It may not always feel like autumn is around the corner, but summer is indeed running out more quickly than we’d like. Slowly but surely, the days are getting shorter and the sun is setting a little earlier. As summer wanes, it’s time for the kids to head back to school!
Is your family ready for the big day?
While the adults in your household may be more than ready to get everyone back into a routine, those changes in sleep schedules and eating patterns don’t happen overnight. To avoid unnecessary stress and make the transition to the new school year a successful one, it’s important to start preparing in the weeks leading up to the first day. From early morning wake-ups to packing healthy school lunches, here’s everything you need to know to get your family back on the bus.
Reset Sleep Schedules
The sooner you start enforcing school-day bedtimes, the more time your kids will have to adjust their circadian rhythms before the first day. The best way to ease your kids back into a school-appropriate sleep routine is to adjust bedtimes and wake-up calls by 15 minutes each day until you reach the right bedtime for school days. This is a gentle transition that’s so gradual your kids won’t put up much of a fight — if they even notice what you’re doing! As you work to dial the alarm clock back a little bit each day, don’t forget that your ultimate goal is to settle into a bedtime that allows your child to get nine to 11 hours of sleep every night. If that sounds like a lot, remember that your child is still growing and developing — it’s hard work!
Before you even think about that back-to-school shopping trip, you need to start with a clean slate. Now’s the time to go through your child’s drawers and check old clothes for fit. Anything that’s outgrown, but still serviceable should go to a local charity. In addition to making space in your closets, you’ll make someone else’s back-to-school better. Clothing that’s truly worn-out can still be sent to an eco-friendly fabric recycler, where it will end up as stuffing in things such as toys and throw pillows.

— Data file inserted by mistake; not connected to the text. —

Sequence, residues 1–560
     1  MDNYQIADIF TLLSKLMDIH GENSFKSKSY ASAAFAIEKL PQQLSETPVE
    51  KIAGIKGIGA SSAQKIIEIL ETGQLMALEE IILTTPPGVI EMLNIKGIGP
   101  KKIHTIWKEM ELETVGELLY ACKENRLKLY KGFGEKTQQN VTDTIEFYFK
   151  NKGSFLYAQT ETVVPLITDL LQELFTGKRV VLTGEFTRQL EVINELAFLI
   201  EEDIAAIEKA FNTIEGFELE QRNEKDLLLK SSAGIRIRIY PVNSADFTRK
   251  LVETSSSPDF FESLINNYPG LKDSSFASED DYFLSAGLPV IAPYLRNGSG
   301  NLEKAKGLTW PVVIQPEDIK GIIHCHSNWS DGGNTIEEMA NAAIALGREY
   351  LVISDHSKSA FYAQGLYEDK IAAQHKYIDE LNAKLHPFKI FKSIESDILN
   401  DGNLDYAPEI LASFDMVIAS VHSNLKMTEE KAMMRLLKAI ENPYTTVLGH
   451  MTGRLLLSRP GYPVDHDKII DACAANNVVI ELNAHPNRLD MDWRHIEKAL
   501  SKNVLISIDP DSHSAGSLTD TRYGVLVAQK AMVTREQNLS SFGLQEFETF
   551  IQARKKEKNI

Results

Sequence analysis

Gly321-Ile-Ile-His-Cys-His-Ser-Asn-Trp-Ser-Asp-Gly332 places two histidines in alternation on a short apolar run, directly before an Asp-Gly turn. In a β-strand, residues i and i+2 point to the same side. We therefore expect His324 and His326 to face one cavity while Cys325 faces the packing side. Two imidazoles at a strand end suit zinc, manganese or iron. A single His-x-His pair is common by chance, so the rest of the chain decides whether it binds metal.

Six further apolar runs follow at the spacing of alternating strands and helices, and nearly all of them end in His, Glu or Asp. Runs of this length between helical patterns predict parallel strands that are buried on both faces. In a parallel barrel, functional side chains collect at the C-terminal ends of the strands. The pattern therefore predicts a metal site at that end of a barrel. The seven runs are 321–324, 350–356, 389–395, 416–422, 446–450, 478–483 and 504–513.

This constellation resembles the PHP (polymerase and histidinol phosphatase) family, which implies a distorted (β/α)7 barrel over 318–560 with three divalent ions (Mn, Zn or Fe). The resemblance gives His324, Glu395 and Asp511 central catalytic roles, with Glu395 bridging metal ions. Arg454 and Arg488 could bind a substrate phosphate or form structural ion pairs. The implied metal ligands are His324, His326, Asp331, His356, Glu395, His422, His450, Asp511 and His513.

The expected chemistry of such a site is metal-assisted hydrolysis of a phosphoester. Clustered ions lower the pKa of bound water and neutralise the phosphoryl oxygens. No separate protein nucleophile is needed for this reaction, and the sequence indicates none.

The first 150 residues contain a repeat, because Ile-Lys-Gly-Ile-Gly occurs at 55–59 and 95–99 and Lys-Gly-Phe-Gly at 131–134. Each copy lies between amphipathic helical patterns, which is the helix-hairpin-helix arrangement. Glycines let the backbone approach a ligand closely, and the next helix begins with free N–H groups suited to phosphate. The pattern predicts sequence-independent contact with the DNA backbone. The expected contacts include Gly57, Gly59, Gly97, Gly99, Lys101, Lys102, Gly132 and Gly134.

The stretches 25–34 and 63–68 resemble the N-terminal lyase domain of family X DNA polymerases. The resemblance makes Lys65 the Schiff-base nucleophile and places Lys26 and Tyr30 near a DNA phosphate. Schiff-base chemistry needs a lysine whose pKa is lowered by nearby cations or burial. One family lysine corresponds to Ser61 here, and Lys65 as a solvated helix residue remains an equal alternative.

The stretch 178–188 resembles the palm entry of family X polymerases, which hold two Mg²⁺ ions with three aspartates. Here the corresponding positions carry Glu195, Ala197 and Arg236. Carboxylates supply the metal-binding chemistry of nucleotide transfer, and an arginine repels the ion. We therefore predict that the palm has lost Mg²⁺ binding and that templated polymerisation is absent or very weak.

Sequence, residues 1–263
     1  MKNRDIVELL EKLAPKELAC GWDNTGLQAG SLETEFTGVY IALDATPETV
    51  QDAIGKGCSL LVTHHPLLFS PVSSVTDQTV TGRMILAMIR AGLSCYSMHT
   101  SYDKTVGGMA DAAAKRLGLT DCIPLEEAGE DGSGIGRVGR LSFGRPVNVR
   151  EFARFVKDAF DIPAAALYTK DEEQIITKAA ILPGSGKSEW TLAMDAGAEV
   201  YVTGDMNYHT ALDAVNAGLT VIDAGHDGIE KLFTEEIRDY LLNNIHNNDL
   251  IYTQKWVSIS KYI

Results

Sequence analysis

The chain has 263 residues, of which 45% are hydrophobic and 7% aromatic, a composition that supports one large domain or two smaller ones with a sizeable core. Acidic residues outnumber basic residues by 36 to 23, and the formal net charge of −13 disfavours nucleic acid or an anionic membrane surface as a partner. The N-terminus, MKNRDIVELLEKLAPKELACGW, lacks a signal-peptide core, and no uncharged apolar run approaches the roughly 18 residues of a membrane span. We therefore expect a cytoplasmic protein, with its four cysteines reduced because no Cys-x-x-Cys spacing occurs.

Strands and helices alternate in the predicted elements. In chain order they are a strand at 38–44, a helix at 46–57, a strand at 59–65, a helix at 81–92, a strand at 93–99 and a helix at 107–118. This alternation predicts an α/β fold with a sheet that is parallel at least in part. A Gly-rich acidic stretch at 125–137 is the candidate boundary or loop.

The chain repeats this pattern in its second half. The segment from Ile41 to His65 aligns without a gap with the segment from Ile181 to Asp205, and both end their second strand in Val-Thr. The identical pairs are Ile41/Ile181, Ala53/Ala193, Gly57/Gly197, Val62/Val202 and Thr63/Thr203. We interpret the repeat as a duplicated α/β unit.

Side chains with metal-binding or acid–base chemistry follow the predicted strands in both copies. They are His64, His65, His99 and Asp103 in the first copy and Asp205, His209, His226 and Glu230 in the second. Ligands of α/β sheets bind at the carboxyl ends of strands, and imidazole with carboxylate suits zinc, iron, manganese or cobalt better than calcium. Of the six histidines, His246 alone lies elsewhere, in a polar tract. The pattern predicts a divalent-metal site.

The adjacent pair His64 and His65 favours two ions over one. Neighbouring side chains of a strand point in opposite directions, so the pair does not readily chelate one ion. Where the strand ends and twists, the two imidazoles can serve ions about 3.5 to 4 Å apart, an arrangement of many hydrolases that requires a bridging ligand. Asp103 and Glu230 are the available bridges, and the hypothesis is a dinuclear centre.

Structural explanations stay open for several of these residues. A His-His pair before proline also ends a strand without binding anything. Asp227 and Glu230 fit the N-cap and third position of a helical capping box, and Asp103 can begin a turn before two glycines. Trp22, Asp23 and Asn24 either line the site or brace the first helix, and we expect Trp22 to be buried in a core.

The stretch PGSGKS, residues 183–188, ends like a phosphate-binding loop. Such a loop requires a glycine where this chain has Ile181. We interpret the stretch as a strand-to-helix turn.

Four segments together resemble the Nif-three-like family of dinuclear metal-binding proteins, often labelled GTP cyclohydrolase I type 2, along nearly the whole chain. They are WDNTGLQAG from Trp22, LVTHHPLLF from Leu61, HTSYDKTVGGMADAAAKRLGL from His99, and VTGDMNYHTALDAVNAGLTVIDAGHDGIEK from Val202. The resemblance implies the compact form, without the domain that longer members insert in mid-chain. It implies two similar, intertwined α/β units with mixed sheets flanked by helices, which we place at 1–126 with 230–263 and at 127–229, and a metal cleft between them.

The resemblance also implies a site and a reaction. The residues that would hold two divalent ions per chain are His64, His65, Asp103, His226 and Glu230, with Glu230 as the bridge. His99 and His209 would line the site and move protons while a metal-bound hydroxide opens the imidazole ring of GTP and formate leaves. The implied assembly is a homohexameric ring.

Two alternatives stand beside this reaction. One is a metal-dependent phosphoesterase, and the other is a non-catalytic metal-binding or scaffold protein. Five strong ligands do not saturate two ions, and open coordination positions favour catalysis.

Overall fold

The same is true of your child’s bookshelves and desk. Decide together what items to keep and what is no longer needed. You don’t want to give away a favorite toy before your child’s ready to give it up, but you can move the process along by helping kids to place items in piles to keep or give away. With shelves and drawers empty for a moment, you have a great opportunity to do the type of deep cleaning of nooks and crannies that only happens once or twice a year. As you put things back, take time to consider what your child needs to reach on a daily basis to be successful, and keep those items front and center to encourage independence.
Back-to-School Shopping, Part One: The Clothes
Once you’ve gone through your child’s drawers with a fine-tooth comb, you’re ready to make a shopping list. Tally up how many of each item your child already owns — shirts, pants, socks, etc. — and decide how many more are needed to get through at least a week of classes. A good rule of thumb is to have eight or nine of each main item so you don’t run out of anything before a weekly laundry run. You’ll also need sturdy sneakers and a few sweaters at minimum. You can check outerwear needs as well, though you still have plenty of time to shop for deals before the weather turns cold. If your child’s school has a dress code, be sure to check for any uniform guidelines and schedules so that you can pick up the appropriate attire from an approved vendor. Once you get back home with bags filled with new clothes, be sure to fold them all neatly and place them on hangers or into drawers. Put the most needed items, such as school uniforms, in easy reach to make the morning rush easier. Show your child where items belong so that new clothing can stay neat and organized through the school year.